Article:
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PostPosted: Sun Jan 08, 2006 2:15 pm 
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personally i think that james luceno did another great job bridging the expanded universe with the movies proper. his previous book, "labyrinth of evil" bridged between episode 2, the clone wars and episode 3. now this sequel to the movie did the same magic again, keeping readers on their toes in an attempt to finish the book in one shot. (i tried but my body is weak haha...)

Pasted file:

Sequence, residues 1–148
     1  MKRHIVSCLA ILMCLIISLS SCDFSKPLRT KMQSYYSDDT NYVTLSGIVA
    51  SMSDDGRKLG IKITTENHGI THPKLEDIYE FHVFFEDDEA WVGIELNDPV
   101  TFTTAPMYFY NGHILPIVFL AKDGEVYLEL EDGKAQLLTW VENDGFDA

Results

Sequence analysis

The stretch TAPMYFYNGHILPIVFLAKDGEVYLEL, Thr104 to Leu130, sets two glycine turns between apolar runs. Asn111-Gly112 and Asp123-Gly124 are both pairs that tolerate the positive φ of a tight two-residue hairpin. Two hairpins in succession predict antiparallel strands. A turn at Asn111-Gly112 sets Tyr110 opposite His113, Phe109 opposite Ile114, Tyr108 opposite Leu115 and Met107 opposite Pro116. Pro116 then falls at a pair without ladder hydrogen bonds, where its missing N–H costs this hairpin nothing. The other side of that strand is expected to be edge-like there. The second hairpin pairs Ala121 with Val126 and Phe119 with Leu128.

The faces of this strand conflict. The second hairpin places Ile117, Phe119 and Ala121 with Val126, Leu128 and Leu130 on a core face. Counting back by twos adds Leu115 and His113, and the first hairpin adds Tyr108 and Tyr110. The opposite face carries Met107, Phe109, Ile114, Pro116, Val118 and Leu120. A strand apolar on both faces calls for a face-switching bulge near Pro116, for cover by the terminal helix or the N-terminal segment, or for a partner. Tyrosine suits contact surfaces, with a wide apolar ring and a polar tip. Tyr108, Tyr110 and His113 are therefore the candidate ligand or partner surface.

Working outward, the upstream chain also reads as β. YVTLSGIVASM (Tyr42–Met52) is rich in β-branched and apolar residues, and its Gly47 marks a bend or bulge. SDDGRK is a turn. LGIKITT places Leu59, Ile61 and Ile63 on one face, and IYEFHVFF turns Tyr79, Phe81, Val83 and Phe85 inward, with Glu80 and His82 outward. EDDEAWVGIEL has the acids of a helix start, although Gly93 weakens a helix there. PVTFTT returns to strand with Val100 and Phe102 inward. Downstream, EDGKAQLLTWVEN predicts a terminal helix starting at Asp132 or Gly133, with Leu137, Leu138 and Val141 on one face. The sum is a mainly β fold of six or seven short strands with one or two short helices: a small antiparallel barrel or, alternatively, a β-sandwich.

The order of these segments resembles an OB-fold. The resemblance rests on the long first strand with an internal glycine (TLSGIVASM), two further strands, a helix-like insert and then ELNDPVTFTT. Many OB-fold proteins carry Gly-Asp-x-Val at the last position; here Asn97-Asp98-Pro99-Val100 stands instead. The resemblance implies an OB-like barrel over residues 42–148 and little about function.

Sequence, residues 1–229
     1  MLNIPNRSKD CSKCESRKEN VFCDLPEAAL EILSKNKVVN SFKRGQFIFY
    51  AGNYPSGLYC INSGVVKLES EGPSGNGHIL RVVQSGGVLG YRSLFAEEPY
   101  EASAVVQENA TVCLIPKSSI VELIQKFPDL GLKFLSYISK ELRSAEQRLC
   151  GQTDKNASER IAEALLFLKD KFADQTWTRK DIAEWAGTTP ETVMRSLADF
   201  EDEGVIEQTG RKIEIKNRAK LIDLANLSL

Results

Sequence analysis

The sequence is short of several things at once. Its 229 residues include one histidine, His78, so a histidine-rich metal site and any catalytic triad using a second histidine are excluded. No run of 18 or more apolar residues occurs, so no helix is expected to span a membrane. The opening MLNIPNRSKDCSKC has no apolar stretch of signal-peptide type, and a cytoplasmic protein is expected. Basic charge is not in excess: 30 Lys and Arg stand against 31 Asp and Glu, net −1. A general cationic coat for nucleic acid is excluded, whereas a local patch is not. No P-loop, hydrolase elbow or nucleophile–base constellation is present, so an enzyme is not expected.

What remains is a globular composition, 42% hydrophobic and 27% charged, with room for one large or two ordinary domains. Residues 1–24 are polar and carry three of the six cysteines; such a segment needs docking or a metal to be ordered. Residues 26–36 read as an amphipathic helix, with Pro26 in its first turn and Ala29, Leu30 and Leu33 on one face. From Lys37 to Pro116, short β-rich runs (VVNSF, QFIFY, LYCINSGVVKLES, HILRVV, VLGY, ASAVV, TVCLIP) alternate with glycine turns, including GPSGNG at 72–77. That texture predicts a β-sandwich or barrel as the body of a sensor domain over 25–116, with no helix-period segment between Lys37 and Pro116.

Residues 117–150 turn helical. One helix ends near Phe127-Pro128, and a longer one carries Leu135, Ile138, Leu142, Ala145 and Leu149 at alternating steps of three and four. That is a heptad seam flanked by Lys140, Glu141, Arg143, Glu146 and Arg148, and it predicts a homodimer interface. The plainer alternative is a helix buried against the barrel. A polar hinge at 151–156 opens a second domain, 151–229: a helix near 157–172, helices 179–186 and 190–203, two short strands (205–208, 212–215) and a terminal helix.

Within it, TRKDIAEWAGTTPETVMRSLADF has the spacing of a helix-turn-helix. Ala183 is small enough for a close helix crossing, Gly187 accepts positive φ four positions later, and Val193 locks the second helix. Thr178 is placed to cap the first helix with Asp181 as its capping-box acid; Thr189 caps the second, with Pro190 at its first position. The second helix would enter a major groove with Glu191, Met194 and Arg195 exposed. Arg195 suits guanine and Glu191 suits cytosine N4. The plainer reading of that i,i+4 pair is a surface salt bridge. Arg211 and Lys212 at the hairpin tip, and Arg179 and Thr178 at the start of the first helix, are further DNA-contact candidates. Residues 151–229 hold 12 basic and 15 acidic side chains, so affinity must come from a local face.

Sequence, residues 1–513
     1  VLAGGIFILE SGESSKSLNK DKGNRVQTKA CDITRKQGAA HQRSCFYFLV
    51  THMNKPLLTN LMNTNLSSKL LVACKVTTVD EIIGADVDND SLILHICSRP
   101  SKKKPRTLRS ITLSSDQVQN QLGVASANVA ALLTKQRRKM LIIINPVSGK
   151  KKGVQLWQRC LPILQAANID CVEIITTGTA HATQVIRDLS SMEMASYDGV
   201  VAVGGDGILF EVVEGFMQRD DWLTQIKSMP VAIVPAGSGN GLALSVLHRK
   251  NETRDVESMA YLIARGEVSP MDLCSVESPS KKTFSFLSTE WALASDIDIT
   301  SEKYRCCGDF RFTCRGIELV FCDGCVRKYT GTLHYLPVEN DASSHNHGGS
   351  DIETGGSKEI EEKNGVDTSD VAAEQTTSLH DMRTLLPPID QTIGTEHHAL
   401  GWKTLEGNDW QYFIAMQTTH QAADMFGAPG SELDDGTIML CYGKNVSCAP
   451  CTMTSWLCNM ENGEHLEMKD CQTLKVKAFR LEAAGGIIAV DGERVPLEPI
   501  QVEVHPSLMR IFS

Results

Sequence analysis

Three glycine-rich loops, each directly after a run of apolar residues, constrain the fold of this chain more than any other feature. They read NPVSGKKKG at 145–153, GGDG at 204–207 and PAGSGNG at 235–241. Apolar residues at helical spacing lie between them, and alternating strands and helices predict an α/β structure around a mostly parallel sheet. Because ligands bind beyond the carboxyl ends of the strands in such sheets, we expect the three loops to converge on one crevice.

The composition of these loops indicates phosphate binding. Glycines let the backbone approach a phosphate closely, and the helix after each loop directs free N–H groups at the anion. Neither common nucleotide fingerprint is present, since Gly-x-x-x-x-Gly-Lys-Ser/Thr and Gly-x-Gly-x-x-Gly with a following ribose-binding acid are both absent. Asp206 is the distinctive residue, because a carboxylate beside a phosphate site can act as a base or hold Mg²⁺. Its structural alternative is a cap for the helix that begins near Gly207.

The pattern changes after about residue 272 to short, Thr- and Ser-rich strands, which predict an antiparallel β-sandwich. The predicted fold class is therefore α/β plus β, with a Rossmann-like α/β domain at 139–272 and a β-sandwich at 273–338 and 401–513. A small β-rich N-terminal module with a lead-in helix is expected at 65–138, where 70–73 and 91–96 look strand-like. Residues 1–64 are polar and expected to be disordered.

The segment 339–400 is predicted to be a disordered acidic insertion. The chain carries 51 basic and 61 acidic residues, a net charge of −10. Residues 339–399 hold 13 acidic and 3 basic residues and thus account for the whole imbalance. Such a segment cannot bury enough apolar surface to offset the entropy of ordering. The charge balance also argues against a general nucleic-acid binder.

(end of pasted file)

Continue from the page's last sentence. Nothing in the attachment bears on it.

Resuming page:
the rise of darth vader details about the aftermath of order 66 and how our new darth cope with his new suit and prowess. he also showed uncertainty in the emperor's manipulation but grew to accept it as part of his training as a sith. the idea of introducing some new jedis in an attempt to gather more jedis who had survived the order 66 clearly showed that many jedis attached themselves too much to let go of the extinguished jedi order and the failure to accept that the sith had won the battle.